Hoboken train crash illuminates gaps in train safety regulation
Thursday's tragic commuter train crash in Hoboken, N.J. has reignited long standing debates on various issues regarding rail safety in the U.S.
The New Jersey transit train that barreled into the station killing one person and injuring over a hundred people was a reminder of a similar rail incident where a train rammed into the bumping post at the same Hoboken terminal injuring 30 people only five years ago.
Josh Crandall of the public transit information site CleverCommute.com says that despite several high profile incidents over the years, not much has been done to improve safety-- or ease traveler concerns.
“I don’t know if we are getting more safe or less safe. We are getting more crowded, more delayed, trains are being cancelled and trains are going slower," Crandall told FoxNews.com.
The National Transportation Safety Board (NTSB) determined that the 2011 crash was caused by, “…the failure of the engineer to control the speed of the train entering the station. Contributing to the accident was the lack of a positive train control system that would have intervened to stop the train and prevent the collision.”
Though Gov. Chris Christie says we don’t know what happened yet, we do know that "the train came in at much too high of a speed.”
Knowing the train did not show signs of braking has renewed the conversation on automatic breaking systems-- also known as PTC, Positive Train Control System. The NTSB has pushed for the use of positive train control on all rail systems and it’s been on the board’s “most wanted” list of safety precautions for over twenty years. The Association of American Railroads says PTC technology is designed to automatically stop a train before certain accidents are caused by human error.
But according to New Jersey Transit’s last quarterly filing from July 2016, none of the company’s 400 plus locomotives were equipped with PTC software, nor was any track. The Rail Safety Improvement Act of 2008 originally mandated that PTC be installed in all freight and passenger trains by 2015 but an extension was issued until 2018 so that all railways could appropriately test their systems.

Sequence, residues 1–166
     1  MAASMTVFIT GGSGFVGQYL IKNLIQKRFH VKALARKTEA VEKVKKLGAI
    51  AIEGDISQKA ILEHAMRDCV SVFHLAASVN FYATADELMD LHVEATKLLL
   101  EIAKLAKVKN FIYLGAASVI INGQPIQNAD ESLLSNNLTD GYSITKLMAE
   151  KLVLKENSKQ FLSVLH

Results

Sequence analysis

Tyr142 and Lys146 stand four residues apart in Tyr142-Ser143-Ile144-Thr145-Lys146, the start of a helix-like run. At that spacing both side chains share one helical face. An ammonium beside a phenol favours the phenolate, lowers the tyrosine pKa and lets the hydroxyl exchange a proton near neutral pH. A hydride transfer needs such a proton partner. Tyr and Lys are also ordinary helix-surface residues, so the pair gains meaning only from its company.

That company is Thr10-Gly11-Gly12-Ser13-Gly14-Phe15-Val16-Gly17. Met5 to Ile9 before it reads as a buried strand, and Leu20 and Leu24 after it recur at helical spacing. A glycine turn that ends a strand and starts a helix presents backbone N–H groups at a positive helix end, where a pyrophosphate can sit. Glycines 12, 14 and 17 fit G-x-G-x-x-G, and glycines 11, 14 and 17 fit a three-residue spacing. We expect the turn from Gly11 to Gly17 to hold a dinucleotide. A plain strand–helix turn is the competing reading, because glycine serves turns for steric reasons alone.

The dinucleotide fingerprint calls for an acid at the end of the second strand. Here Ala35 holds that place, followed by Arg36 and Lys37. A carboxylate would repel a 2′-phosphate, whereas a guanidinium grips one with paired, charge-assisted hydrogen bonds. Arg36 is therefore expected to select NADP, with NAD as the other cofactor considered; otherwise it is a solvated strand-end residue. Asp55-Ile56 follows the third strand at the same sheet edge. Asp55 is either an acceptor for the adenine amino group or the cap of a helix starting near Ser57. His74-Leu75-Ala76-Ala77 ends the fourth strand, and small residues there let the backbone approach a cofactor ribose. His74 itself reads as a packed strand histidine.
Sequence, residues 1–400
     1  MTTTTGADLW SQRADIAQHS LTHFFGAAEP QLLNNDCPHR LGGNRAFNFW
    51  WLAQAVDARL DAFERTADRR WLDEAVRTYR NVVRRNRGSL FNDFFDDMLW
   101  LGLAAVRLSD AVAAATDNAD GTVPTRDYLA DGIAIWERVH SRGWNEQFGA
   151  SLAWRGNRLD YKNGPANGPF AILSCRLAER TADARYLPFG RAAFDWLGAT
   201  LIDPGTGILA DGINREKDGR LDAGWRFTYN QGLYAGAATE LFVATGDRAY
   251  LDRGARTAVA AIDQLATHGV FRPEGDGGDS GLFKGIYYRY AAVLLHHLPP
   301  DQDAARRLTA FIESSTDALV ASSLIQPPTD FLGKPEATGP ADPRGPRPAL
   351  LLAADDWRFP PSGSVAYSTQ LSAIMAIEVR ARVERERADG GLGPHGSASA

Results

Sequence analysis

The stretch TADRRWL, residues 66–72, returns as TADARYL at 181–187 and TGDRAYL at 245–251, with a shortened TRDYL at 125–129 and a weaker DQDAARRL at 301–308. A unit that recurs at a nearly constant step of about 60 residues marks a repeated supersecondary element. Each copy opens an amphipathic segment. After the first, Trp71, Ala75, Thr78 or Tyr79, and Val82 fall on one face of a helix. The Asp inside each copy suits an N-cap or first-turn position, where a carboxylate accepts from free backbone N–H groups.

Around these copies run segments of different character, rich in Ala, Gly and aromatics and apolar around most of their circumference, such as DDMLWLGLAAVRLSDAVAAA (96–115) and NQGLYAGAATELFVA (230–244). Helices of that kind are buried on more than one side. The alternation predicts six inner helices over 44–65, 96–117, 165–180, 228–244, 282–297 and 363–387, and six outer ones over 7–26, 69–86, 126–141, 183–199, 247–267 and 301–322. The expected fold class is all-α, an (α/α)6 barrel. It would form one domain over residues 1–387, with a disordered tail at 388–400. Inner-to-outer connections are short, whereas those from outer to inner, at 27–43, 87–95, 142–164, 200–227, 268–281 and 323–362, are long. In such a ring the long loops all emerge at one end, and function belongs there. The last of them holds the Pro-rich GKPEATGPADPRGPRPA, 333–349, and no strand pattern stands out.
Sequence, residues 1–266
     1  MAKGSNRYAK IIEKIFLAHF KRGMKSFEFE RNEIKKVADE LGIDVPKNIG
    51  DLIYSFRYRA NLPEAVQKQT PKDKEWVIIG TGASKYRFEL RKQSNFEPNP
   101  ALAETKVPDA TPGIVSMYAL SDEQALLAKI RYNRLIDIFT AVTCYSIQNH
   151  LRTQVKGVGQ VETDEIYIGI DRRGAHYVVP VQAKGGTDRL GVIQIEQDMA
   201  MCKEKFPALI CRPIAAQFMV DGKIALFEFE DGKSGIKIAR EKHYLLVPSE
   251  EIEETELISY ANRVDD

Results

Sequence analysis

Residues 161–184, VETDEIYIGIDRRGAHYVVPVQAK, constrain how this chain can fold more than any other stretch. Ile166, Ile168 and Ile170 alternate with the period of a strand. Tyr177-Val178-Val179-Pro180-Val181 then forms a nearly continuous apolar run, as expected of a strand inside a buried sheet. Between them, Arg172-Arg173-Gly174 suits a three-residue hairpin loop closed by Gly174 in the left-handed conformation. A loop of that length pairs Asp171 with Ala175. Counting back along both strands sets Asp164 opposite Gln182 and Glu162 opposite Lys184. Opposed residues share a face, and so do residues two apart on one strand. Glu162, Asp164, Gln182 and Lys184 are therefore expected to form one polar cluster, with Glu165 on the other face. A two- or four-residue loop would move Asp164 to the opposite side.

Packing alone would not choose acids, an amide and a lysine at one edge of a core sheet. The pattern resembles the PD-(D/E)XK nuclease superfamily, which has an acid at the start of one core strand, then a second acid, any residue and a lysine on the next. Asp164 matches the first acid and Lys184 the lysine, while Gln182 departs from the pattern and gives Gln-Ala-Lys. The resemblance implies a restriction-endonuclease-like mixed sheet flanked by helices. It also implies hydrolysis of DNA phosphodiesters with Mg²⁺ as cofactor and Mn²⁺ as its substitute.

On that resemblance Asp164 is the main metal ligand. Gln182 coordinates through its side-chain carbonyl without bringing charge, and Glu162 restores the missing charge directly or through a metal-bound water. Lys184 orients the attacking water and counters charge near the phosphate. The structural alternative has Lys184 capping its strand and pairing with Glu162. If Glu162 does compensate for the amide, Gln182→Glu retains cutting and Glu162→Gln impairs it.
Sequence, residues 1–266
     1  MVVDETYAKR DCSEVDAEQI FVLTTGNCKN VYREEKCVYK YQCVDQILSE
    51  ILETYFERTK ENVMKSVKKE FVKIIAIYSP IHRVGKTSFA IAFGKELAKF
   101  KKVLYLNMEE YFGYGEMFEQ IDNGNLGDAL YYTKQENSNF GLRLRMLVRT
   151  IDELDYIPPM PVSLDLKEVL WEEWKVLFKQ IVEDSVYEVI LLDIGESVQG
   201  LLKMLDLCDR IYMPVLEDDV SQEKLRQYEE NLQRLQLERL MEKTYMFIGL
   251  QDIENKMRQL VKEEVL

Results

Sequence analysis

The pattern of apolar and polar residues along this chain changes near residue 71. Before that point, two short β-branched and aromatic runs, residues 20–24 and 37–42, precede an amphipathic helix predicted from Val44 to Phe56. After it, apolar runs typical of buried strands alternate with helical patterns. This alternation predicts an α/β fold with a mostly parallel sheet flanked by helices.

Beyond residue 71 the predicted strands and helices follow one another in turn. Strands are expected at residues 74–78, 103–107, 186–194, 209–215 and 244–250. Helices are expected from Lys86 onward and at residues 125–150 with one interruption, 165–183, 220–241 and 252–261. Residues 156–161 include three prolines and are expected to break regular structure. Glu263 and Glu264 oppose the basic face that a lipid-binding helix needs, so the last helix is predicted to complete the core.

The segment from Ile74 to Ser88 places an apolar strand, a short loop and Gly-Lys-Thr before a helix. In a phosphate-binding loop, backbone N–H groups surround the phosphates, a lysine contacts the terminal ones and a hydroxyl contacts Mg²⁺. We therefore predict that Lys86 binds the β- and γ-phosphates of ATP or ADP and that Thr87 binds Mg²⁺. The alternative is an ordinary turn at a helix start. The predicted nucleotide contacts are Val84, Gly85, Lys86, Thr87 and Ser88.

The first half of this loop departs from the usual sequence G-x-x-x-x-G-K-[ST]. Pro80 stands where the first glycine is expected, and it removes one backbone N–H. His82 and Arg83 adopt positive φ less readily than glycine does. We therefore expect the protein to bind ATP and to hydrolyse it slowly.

In reaction to the Thursday’s accident, House Minority Leader Nancy Pelosi (D-CA) showed her frustration with Congress saying, “I don't think we should have extended the deadline. If you extend the deadline, stop the trains.”
A safety measure that can reduce fatal train crashes like the one in Hoboken seems to be an no brainer, but experts say a lack of funding has kept transit systems from adopting the technology. According to Politico, the Northeast corridor (Amtrak's busiest network) "only has this technology installed in three short sections.”
“Operators would have to put money into new equipment — a move that anyone with millions invested in existing technology might hesitate to make,” according to BusinessInsider.
Dr. Robert Noland, Director of the Alan M. Voorhees Transportation Center and Director of the PhD program in Planning and Public Policy at Rutgers University says that New Jersey is in the midst of a transportation trust fund crisis.
"A lot of projects for bridges and other infrastructure were recently stopped. If it’s possible to automate to cars, why is there not a discussion to automate trains?" Noland told FoxNews.com. "There are automated subways and such. It’s a matter of getting the money.”
If money is what slows the progress of safety mechanisms being installed then Amtrak’s most recent $7 billion request from the government for railroad funding should help.
Amtrak CEO Joe Boardman, who retired in September, spoke to TheHill.com and admitted that the dated rail system needs work.
“If you're just looking at the Northeast Corridor - and if you're really just thinking about the infrastructure - it's getting to be 100 years old, whether it's tunnels or whether it's some of our bridges."
But, Boardman continued, new funding could turn it around. "We're seeing very positive opportunities to make real improvement and real investment for the future in the specific infrastructure of the Northeast Corridor.”
Wendell Cox, a former member of the Los Angeles County Transportation Commission and editor of Demographia.com says safety needs to become a priority or the rail systems will fail.
Cox says, “People will not ride if it’s not safe and although we don’t know what happened yesterday, we shouldn’t be killing people on our railroads. There is no more important thing as safety.”